The best projects challenge us in ways that force us to inventory everything we know and everything we know how to do to find a solution. Every idea that comes up is heralded, championed as “the way!”, clung to desperately as it fails to hold up to scrutiny, and then quickly abandoned or re-imagined – the healthy cycle of innovation.
As I worked with various projects today, I was pleased to hear the mixture of agonized torment and celebratory invention. It is good to have hard problems to chew on, good to wake up in the middle of the night with a new insight. This is why we do it.
Expression is in full swing, and there is a fervor about these self-declared projects that I haven’t really seen yet at Brightworks. Projects about trash and waste, street art, social justice in education and film and workers’ rights, plays about important events in social justice, research projects about fairness and justice in history. The kids – and the collaborators – are getting the hang of what it takes to bring a project from start to finish: setting up goals for every day, looking at the scope of the work in terms of how long the Expression phase lasts, finding experts that give great advice, and how to get through the inevitable snags that crop up, whether from lack of information or a stall in interest. How do you stay on task? How do you motivate yourself without getting overwhelmed by the project you set out for yourself? And how do you prevent yourself from getting overwhelmed in the first place?
Today, author, blogger, writer Cory Doctorow visited our school to talk about his new book, Homeland – a follow-up to Little Brother, which some students read for literature circles and some for fun. We gathered in the library after lunch and listened to him read an excerpt from Homeland, talk about the book, and answer questions about his writing process, his life under constant surveillance in London, and his work habits.
There was utter silence in the library as the kids listened to this writer read – silence almost unparalleled by this many kids gathered in the same space at Brightworks. Cory is used to talking to high schoolers and used language that may have gone above the heads of many of the kids, but they followed along with ease. They asked thoughtful questions and listened with great attentiveness – particularly to the excerpt, which described a method of tricking a polygraph that appeals to the kid mind: squeezing your butt cheeks together.
He described his steady work routine, which was extremely helpful during this intense project phase at school as the kids start learning to set their own schedules and routines to get their projects done. Write every day, he told us. Even if you’re having a bad day, the words you write won’t show it. Which translates at Brightworks to, “Work every day, even if your day is bad, because at the end of Expression, the work will have made an amazing project.”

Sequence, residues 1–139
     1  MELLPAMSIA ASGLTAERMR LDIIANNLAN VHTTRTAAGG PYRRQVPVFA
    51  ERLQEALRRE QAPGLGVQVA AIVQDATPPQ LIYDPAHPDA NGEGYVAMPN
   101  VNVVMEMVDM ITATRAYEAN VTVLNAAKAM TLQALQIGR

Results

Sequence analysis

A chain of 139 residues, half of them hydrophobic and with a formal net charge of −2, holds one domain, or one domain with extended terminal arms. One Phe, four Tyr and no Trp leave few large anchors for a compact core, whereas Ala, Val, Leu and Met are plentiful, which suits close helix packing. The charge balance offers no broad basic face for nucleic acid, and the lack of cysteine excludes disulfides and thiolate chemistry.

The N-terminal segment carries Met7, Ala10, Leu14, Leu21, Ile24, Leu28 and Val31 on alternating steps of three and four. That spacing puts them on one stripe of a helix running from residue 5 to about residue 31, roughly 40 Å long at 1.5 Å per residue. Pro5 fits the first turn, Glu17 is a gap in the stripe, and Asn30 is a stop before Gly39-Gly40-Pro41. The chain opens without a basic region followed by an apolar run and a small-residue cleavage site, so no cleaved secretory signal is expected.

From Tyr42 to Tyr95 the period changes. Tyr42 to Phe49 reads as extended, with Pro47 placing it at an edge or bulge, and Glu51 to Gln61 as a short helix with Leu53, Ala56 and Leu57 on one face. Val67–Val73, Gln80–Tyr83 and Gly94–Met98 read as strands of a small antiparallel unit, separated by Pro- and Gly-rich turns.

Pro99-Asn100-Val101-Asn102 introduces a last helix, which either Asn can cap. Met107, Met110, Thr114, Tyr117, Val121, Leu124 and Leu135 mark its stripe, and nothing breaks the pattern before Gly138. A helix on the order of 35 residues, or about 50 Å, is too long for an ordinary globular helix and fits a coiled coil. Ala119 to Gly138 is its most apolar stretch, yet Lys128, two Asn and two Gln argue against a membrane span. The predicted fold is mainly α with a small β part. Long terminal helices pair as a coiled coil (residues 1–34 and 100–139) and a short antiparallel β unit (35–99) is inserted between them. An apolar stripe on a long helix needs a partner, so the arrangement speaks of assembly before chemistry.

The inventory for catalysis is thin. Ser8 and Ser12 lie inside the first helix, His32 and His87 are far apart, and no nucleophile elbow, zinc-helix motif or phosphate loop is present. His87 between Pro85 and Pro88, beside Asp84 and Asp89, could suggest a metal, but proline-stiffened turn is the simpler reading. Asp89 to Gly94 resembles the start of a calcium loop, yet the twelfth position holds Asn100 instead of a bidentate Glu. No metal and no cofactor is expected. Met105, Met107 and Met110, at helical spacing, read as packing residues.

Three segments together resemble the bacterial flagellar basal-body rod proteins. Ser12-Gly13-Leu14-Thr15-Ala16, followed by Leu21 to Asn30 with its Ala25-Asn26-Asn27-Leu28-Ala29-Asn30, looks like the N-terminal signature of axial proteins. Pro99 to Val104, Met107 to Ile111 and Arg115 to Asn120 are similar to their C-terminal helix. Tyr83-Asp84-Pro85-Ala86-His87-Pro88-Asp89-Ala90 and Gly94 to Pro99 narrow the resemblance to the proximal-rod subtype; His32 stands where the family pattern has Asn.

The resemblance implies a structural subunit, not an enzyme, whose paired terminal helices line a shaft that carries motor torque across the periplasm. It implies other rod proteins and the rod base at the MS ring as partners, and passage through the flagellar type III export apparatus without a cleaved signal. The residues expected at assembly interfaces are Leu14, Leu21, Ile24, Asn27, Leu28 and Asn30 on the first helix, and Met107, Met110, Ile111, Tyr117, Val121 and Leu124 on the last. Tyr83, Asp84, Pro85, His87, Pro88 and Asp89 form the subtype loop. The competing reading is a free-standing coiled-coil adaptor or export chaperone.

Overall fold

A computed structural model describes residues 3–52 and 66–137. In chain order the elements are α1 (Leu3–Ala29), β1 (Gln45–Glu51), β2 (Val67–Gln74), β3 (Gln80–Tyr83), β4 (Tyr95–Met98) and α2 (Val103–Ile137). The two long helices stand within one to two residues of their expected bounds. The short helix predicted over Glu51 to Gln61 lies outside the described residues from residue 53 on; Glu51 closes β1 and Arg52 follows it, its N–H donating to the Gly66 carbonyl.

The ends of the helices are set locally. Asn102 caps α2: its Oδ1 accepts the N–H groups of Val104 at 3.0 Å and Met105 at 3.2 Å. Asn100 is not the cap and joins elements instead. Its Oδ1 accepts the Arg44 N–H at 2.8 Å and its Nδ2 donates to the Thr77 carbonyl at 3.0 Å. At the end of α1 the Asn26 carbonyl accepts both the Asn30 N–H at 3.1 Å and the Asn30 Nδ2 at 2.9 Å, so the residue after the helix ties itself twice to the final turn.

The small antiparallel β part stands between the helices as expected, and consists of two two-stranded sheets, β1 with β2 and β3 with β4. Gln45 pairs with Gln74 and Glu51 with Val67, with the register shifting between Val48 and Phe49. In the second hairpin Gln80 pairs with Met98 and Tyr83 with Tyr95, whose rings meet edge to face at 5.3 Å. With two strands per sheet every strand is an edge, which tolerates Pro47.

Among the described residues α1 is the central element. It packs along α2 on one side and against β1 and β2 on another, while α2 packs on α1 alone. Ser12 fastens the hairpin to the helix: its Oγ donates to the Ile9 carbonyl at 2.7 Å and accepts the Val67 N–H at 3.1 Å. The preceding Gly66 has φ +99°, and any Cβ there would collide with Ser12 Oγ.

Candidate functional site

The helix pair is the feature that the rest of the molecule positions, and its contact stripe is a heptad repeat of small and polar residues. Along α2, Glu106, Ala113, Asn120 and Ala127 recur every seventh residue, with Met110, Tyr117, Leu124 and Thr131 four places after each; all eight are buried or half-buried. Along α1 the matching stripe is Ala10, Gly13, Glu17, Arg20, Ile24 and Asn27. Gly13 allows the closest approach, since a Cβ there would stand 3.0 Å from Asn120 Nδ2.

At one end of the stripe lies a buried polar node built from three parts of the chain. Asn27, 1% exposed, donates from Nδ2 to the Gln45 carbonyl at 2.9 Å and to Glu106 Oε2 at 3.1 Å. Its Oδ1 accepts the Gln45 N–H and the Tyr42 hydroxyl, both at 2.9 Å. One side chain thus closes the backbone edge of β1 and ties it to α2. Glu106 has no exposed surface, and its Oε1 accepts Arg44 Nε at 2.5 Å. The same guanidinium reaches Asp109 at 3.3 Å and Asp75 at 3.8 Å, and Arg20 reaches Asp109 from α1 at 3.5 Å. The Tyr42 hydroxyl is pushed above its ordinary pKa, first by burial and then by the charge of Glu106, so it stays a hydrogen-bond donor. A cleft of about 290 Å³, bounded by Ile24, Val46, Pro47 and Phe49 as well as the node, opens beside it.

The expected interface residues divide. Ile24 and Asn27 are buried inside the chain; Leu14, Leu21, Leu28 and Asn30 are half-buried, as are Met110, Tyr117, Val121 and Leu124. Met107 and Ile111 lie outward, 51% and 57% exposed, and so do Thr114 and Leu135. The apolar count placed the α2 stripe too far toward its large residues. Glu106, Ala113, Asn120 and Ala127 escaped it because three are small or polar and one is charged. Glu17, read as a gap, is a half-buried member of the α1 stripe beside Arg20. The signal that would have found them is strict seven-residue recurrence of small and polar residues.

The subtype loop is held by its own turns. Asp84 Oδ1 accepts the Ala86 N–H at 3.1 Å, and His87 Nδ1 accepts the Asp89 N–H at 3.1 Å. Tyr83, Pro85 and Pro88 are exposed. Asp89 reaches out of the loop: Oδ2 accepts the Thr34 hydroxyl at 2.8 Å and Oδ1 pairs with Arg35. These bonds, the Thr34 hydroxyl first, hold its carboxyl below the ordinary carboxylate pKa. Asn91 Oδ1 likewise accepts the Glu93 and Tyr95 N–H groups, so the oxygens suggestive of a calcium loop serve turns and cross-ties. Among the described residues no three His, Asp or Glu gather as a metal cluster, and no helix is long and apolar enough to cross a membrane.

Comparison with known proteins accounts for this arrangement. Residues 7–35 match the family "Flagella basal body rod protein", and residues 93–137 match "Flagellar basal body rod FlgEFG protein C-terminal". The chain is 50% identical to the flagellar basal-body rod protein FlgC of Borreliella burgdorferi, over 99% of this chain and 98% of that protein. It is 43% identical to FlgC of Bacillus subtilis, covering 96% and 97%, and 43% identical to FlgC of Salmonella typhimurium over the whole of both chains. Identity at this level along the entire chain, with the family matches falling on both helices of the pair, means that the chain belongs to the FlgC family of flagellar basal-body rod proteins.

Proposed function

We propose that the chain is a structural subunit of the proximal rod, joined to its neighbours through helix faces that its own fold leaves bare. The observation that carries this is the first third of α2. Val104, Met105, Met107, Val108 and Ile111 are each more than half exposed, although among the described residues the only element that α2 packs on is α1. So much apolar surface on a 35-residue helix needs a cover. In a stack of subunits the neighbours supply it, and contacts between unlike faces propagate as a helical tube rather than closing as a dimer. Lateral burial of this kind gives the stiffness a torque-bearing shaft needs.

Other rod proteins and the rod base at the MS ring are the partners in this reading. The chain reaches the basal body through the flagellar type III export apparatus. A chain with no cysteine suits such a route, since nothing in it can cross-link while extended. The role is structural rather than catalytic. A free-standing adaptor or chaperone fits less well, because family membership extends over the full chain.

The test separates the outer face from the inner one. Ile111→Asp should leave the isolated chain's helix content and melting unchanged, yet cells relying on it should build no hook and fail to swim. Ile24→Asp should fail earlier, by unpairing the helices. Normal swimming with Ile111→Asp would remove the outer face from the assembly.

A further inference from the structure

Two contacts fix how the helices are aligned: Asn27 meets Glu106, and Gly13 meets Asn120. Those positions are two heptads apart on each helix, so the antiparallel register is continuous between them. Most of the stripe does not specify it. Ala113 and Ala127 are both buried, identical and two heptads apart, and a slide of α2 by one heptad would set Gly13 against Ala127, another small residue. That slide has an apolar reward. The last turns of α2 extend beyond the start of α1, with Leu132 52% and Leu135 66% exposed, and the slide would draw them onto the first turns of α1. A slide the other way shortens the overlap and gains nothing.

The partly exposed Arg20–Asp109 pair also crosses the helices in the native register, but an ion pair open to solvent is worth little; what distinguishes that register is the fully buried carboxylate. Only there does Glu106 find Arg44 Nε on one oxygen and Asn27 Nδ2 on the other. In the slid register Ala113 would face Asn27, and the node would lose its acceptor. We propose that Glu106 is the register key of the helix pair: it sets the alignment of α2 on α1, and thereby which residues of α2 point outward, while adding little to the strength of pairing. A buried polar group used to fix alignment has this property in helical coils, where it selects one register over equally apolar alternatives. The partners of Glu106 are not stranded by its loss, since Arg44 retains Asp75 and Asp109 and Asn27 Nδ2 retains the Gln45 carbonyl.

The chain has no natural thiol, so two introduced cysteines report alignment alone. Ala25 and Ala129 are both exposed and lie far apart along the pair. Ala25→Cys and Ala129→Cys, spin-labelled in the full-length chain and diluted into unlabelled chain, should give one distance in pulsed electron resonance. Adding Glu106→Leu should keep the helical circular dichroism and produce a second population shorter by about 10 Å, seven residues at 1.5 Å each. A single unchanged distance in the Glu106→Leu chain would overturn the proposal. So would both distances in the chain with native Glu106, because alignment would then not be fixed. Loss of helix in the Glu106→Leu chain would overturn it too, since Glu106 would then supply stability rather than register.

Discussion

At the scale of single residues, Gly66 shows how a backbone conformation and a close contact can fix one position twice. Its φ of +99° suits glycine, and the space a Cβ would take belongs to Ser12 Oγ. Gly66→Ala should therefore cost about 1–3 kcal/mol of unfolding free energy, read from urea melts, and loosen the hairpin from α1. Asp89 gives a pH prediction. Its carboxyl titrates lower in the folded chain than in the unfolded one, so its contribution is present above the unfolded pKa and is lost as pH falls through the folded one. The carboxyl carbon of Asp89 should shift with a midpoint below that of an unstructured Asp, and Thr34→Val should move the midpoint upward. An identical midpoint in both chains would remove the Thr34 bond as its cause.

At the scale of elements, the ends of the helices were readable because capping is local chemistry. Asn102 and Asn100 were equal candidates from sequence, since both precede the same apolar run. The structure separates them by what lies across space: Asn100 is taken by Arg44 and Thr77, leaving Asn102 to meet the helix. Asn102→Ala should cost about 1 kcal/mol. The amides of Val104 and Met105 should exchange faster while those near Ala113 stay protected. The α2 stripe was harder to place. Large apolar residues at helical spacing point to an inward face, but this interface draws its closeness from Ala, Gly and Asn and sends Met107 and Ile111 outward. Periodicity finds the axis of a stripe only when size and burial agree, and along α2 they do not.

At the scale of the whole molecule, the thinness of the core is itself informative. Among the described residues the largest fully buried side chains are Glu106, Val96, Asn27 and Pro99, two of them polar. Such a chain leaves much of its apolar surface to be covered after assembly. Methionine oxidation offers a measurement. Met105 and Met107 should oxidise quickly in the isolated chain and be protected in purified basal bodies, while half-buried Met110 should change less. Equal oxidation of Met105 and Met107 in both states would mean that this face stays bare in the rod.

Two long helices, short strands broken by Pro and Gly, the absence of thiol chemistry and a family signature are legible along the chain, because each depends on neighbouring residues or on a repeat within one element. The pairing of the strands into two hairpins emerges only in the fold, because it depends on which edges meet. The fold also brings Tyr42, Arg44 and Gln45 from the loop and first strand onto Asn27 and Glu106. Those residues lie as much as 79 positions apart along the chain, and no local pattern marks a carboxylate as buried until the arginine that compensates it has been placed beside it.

Thanks to Cory for being here, the Booksmith bookstore for arranging the visit, and Paul, one of our parents, for making the initial contact!
The Coyotes have taken to the streets to document trash as a part of Noah and Ben’s Fairness project:
What conclusions will they draw from the waste on the streets by school?
We have a guest blogger today! Elizabeth, art teacher and parent, describes the visual communication curriculum she and Gever have started implementing…
Visual Communication at Brightworks
Brightworks holds drawing with the same esteem as reading, writing and mathematical thinking. Visual communication is an essential skill for creative minds and makers. Children teach themselves to draw and will persist if supported. There is no wrong way to draw your idea and often doodles can communicate ideas more efficiently and dramatically than words. It is with this in mind that Gever and I restarted the Visual Communication program in January. Our goal was to give children practice and confidence in their ability to communicate their thoughts with lines and images.
We borrowed ideas from many great drawing teachers to explore doodling, observational drawing, symbolism as well as examining materials and tools used by doodlers. Gever also used his own years of illustrative note taking as a foundation for our work with the kids.
Each band has 45 minute sessions with me on Thursdays exploring doodling as a means of expression, communication and note taking. The younger bands looked at maps and drew their own representations of the Brightworks building. The older groups worked off “The Sketchnote Handbook” by Mike Rohde to give them confidence using visual techniques for recording ideas. All the bands experimented with drawing people and letterforms, and often our time was influenced by what each band was working with that week.
While their work may look simple on the surface, each child took the drawing time seriously and made improvement in their dexterity and focus. Through the spring we will continue to practice our techniques. No high school graduate would ever exclaim “I can’t write,” and we plan that no Brightworks graduate will proclaim, “I can’t draw!”
The Coyotes went to the library today to check out books related to their projects. The librarians were very helpful and they returned with handfuls of books!
The Rubber Band helped Gever start building new studio spaces for everyone to work in during Expression.
Work continued on declarations and started on projects.
Capoeira, declaration writing, literature circles, park, hot lunch, and Market Day on this sunny February day…
And the number of approved declarations keeps growing!